For the third time this summer, parts of Europe will soon be dealing with another heat wave. Temperatures will climb some 20 degrees above average in spots beginning this weekend, baking much of Eastern Europe and Scandinavia in unseasonable warmth.

The culprit for the hot weather will again be a strong area of high pressure aloft, or heat dome, that will set up an atmospheric squeeze-play of sorts between low pressure on either side. This will draw a flow of unusually warm air northward.

On Saturday, the heat will begin to crank up across most of Europe before consolidating over central Europe on Sunday. By Tuesday, a bubble of significant heat will pinch off and settle over Scandinavia, while the rest of the dome will settle south and reorganize over the Balkans.

The sweltering conditions are set to arrive in Germany on Sunday, when Frankfurt could hit the upper 80s. Then they will be within a degree or two of 90 on Monday, Tuesday and Wednesday — pretty impressive considering the average high there this time of year is just 71 degrees.

Most late-August nights in Frankfurt drop into the middle 50s. July tends to be the hottest month there, and indeed it was — during last month’s heat wave, Germany recorded an all-time record high of 108.7 degrees.

It’s a similar story in neighboring Poland, which will be ground zero for the heat midweek. Warsaw will also flirt with 90 degrees Wednesday, up 20 degrees above its average high of 69 degrees. Warsaw hasn’t hit 90 or higher since June 30.

Lodz, a city of 700,000 in central Poland, could see overnight lows Monday and Tuesday that come close to eclipsing their average daytime high temperature. In Paris, highs will be in the upper 80s to near 90 from Saturday through Tuesday.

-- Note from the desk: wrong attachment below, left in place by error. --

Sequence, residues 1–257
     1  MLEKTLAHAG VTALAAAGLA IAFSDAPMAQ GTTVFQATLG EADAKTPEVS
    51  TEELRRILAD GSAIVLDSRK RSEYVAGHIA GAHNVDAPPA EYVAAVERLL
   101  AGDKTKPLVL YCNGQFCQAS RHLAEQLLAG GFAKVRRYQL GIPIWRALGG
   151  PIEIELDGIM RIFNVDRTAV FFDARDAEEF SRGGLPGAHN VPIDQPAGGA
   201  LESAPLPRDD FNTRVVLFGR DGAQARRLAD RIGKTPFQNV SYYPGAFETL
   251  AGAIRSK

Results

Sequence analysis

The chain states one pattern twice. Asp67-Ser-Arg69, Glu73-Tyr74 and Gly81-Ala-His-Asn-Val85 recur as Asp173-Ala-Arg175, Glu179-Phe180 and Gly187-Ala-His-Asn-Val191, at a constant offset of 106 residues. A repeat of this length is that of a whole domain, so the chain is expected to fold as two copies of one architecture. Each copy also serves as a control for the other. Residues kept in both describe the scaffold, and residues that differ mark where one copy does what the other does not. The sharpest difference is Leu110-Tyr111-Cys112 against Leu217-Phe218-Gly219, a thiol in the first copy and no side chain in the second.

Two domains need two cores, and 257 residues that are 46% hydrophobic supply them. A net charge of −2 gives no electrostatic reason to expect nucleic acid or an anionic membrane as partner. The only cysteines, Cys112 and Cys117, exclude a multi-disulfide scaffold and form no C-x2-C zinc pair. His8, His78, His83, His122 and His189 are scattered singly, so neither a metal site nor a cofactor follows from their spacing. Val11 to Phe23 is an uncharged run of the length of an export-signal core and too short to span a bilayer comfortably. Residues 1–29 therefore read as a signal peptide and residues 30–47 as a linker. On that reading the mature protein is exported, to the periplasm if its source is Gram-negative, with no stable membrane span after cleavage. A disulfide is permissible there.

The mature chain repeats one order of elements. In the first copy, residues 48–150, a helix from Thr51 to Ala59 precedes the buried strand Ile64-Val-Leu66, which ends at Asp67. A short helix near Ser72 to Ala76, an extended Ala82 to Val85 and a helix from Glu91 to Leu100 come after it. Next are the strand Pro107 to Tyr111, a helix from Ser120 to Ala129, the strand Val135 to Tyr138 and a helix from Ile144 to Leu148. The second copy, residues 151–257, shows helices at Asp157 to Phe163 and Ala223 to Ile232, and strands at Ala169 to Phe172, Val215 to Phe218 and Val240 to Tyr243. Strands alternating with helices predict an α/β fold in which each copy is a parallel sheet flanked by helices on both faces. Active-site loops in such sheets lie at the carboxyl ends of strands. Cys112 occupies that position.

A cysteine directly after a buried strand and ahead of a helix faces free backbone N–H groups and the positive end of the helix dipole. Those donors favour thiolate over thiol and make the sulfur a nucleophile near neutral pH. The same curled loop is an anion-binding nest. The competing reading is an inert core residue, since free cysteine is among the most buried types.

The French capital already saw two intense heat waves this season, making this one particularly unwelcome. Paris typically spends most of August in the mid-70s. Even London will be 15 degrees above normal to start the workweek.

More heat for Scandinavia before this system moves into the Arctic

The heat wave may be especially anomalous in Scandinavia. Bergen, Norway, will climb into the mid-70s next week, up from average highs of just above 60. Trondheim will dance between 75 and 80 degrees during a time of year when its nights are ordinarily dipping into the 40s. Stockholm will peak near 80 degrees Tuesday, well above its average of only 65. From there, a wisp of warmth will slip up the Norwegian Sea, scooting into the Arctic before dissipating.

It could enhance sea ice melt heading into early September, and sea ice extent is already running near a record low.

The surge of warmth will bulge the atmosphere upward as the warm air expands. This will raise the halfway point of the atmosphere, above and below which rests half of the atmosphere’s mass, upward by 800 feet.

That’s significant enough to place this high-pressure area in the top 3 percent of mid-level highs for intensity.

Climate change’s potential role

Climate studies show that heat waves such as the upcoming European event are becoming more likely and severe as the overall climate warms in response to human activities.

An attribution analysis of the July heat wave that set records in France, Germany, The Netherlands and other areas found that climate change made the heat wave at least 10 times as likely to occur, compared with a climate without an increased amount of greenhouse gases.

The report, from World Weather Attribution, also found that by raising global average surface temperatures, climate change boosted the heat wave’s temperatures by up to 5.4 degrees.

“The July 2019 heat wave was so extreme over continental Western Europe that the observed magnitudes would have been extremely unlikely without climate change,” the report stated.